Adrenomedullary secretion of methionine (Met)-enkephalin and of leucine (Leu)-enkephalin was measured in awake trained dogs subjected to 10 or 20% hemorrhage. Enkephalin secretory rates increased in proportion to the magnitude of hemorrhage with the ratio of Met-enkephalin to Leu-enkephalin being ~4:1. Arterial concentrations of enkephalins reflected adrenal secretion only in dogs exhibiting the largest secretory responses to hemorrhage. Cross-correlation analysis of 12 individual experiments showed that Met-enkephalin and epinephrine secretory rates were maximally correlated at 0-min delay, suggesting that enkephalins are cosecreted with catecholamines. The molar ratio in adrenal venous blood of epinephrine to Met-enkephalin ranged from 480 ± 50 to 570 ± 60. Chronic denervation of the adrenal by removing thoracic and lumbar splanchnic nerves prevented the Met-enkephalin and catecholamine secretory responses to hemorrhage. These data show that the adrenal medulla secretes enkephalins in response to stimuli activated by hemorrhage. These findings suggest that secretion of opiate-like peptides into the peripheral circulation may be a component of the sympathetic response to trauma.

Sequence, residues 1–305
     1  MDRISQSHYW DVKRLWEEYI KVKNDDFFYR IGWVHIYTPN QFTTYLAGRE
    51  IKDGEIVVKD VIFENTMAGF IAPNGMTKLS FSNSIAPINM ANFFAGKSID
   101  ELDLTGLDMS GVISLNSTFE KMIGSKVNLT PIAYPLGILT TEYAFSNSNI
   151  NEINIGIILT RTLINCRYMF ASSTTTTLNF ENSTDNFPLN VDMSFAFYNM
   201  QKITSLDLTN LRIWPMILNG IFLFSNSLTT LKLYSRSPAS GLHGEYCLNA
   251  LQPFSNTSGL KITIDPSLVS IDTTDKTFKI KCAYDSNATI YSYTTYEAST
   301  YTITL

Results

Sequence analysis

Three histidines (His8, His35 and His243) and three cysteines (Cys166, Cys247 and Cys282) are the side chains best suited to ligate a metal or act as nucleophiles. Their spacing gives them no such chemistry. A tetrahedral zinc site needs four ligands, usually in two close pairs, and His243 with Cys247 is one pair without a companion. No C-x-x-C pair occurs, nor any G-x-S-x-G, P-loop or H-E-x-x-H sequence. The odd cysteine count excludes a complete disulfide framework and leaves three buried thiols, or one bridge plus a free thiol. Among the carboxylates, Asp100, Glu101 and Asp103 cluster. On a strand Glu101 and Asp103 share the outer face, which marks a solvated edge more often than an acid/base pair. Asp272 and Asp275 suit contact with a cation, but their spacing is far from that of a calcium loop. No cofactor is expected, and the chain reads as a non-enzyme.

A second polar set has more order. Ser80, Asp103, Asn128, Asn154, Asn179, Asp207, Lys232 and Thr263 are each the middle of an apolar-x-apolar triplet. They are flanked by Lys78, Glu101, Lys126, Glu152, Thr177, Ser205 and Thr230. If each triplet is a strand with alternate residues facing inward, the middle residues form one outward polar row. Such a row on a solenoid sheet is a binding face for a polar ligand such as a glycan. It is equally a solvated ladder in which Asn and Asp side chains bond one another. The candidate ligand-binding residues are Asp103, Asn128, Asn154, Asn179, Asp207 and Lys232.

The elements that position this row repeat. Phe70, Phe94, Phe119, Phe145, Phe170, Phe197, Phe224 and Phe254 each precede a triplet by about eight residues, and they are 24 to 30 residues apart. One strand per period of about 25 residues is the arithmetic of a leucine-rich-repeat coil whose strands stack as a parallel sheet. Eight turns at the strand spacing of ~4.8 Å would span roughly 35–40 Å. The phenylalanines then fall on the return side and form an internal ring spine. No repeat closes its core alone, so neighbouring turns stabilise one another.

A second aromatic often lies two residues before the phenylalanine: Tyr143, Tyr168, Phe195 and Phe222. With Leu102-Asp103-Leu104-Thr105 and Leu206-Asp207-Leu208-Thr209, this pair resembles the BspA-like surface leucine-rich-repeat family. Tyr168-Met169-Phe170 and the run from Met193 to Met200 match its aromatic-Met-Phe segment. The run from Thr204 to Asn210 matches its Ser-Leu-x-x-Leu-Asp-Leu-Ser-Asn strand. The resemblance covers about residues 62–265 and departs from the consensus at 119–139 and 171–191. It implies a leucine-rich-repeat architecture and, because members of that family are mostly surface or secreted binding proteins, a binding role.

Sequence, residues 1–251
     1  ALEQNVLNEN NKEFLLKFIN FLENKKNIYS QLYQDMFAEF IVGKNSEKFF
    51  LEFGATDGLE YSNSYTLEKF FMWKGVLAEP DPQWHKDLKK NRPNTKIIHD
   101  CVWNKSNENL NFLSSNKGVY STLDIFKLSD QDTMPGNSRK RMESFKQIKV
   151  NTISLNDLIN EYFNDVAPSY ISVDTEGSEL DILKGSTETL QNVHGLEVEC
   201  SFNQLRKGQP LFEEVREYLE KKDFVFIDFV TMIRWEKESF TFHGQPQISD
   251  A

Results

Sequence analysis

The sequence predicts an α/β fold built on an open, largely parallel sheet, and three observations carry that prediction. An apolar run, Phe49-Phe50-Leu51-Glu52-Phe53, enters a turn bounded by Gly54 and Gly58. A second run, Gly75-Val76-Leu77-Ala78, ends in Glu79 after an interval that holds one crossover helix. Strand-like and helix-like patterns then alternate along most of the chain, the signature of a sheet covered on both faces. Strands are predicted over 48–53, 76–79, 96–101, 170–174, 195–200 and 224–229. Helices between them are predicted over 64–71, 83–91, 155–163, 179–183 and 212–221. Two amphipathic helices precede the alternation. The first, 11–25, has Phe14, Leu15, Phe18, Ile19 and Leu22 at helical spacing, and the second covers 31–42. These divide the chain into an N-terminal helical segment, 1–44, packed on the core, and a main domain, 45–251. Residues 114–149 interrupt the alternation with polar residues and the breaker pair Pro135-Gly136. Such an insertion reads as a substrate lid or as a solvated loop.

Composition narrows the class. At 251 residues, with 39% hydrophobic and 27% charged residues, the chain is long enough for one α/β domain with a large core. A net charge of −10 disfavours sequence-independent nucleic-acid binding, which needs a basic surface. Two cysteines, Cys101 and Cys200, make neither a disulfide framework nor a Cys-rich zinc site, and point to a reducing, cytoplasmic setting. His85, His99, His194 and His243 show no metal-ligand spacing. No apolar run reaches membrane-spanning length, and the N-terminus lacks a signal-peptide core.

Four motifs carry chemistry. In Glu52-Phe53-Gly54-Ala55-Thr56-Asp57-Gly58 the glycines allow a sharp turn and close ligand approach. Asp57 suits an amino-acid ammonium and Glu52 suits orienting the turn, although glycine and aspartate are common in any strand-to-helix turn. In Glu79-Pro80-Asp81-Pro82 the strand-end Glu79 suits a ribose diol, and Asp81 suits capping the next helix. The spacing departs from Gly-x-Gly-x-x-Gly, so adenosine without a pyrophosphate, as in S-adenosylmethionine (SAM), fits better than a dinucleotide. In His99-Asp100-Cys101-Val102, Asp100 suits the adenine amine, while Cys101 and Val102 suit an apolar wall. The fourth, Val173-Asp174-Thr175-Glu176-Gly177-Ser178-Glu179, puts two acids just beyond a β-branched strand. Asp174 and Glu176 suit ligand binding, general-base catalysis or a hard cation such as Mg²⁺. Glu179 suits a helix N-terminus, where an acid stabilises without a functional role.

|Original language||English (US)|
|Journal||American Journal of Physiology - Regulatory Integrative and Comparative Physiology|
|Issue number||2 (20/2)|
|State||Published - 1986|